Closing price Dec. 29: $1,169.47
52-week range: $747.70-$1,213.41
% gain in 2017: +54.5%

Facebook
Closing price Jan. 3: $X116.86
Closing price Dec. 29: $176.46
52-week range: $114.77-$184.25
% gain in 2017: +53.4%

Twitter
Closing price Jan. 3: $16.44
Closing price Dec. 29: $24.01
52-week range: $14.12-$25.56
% gain in 2017: +47.3%

Apple
Closing price Jan. 3: $116.15
Closing price Dec. 29: $169.23
52-week range: $114.76-$177.20
% gain in 2017: + 46.1%

Google
Closing price Jan. 3: $786.14
Closing price Dec. 29: $1046.40
52-week range: $770.41-$1078.49
% gain in 2017: +33%

Lionsgate
Closing price Jan. 3: $27.46
Closing price Dec. 29: $33.81
52-week range: $24.27-34.75
% gain in 2017: +25.7%

21st Century Fox
Closing price Jan. 3: $28
Closing price Dec. 29: $34.12
52-week range: $24.30-$35.34
% gain in 2017: + 25.2%

Scripps Networks Interactive
Closing price Jan. 3: $72.37
Closing price Dec. 29: $85.38
52-week range: $64.87-$88.45
% gain in 2017: +19.6%

Charter Communications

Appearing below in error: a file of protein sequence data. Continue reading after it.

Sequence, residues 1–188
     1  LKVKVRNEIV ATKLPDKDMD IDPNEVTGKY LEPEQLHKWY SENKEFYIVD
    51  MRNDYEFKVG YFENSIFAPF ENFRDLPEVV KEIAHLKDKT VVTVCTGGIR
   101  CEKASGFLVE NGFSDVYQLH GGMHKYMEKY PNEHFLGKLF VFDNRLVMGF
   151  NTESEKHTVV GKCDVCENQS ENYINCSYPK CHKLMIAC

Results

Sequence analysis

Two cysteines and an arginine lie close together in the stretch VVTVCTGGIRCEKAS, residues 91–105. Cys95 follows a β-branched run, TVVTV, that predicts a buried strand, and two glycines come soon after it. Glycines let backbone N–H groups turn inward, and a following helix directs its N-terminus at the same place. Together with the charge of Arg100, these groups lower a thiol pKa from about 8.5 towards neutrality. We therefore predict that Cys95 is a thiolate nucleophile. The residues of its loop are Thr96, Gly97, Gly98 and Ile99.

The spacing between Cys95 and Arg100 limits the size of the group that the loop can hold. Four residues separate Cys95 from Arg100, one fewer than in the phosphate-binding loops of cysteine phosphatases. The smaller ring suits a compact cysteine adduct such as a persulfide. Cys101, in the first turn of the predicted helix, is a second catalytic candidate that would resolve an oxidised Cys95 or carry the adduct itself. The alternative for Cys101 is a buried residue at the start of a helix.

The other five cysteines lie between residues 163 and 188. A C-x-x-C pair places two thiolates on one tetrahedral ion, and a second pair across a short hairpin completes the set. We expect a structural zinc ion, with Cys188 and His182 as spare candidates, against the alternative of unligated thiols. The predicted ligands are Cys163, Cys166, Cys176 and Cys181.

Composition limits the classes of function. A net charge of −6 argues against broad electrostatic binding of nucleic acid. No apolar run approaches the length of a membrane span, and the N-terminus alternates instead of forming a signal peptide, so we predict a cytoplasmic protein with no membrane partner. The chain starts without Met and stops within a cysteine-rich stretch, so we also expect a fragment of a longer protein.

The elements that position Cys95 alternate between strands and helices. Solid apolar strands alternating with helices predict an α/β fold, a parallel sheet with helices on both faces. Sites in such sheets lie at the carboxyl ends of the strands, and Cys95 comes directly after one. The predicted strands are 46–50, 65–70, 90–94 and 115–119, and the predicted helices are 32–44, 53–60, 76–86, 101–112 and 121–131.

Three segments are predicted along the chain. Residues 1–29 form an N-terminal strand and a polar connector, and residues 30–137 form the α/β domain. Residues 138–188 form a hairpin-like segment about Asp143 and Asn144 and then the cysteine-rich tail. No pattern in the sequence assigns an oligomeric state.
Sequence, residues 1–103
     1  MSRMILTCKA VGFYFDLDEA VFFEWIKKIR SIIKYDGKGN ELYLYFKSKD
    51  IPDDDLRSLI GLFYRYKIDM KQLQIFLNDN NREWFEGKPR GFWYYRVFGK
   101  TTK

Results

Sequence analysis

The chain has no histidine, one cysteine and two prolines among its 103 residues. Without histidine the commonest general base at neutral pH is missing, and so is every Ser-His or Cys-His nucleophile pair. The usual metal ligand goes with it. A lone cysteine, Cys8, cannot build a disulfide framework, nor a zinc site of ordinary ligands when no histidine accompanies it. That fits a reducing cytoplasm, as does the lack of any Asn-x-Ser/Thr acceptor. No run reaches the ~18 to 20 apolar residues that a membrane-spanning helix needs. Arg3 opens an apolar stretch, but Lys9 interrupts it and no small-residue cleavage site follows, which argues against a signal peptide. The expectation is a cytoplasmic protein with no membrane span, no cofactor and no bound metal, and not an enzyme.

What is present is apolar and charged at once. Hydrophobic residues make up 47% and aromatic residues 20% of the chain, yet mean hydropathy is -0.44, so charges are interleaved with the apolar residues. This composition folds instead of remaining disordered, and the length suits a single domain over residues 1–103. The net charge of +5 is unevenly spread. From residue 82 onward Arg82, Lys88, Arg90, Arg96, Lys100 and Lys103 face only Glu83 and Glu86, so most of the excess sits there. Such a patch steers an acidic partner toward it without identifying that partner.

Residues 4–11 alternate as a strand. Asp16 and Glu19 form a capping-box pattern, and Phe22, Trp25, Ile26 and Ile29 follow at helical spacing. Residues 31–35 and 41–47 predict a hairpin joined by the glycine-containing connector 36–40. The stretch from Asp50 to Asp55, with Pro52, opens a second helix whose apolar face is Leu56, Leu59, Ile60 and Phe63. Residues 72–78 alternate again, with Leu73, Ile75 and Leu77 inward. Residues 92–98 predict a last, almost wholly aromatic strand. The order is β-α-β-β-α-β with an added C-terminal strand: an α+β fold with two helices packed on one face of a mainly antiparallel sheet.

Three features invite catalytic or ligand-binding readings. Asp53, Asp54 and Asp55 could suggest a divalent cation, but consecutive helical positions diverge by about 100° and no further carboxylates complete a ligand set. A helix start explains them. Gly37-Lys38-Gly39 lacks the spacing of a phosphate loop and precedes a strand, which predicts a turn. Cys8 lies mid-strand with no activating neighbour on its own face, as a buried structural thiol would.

Closing price Jan. 3: $285.77
Closing price Dec. 29: $335.96
52-week range: $282.54-$408.83
% gain in 2017: +16.7%

Comcast
Closing price Jan. 3: $34.53
Closing price Dec. 29: $40.05
52-week range: $34.12-$42.18
% gain in 2017: +16%

Sinclair Broadcast Group
Closing price Jan. 3: $33.85
Closing price Dec. 29: $37.85
52-week range: $26.70-$43.05
% gain in 2017: +13.5%

AMC Networks
Closing price Jan. 3: $53.55
Closing price Dec. 29: $54.08
52-week range: $46.89-$67.61
% gain in 2017: +3.3%

Disney
Closing price Jan. 3: $106.08
Closing price Dec. 29: $107.51
52-week range: $96.20-$116.10
% gain in 2017: +3.2%

Verizon

Closing price Jan. 3: $54.58
Closing price Dec. 29: $52.93
52-week range: $42.80-$54.83
% loss in 2017: -0.8

Time Warner

Closing price Jan. 3: $96.76
Closing price Dec. 29: $91.47
52-week range: $85.88-$103.90
% loss in 2017: -5.2%

CBS Corp.
Closing price Jan. 3: $64.39
Closing price Dec. 29: $59
52-week range: $52.75-$70.10
% loss in 2017: -7.2%

AT&T

Closing price Jan. 3: $43.02
Closing price Dec. 29: $38.88
52-week range: $32.55-$43.03
% loss in 2017: -8.6%

Viacom

Closing price Jan. 3: $35.90
Closing price Dec. 29: $30.81
52-week range: $22.13-$46.72
% loss in 2017: -12.2%

Discovery Communications
Closing price Jan. 3: $27.96
Closing price Dec. 29: $22.38
52-week range: $15.99-30.25
% loss in 2017: -18.3%

(Pictured: Disney CEO Bob Iger and 21st Century Fox chairman Rupert Murdoch)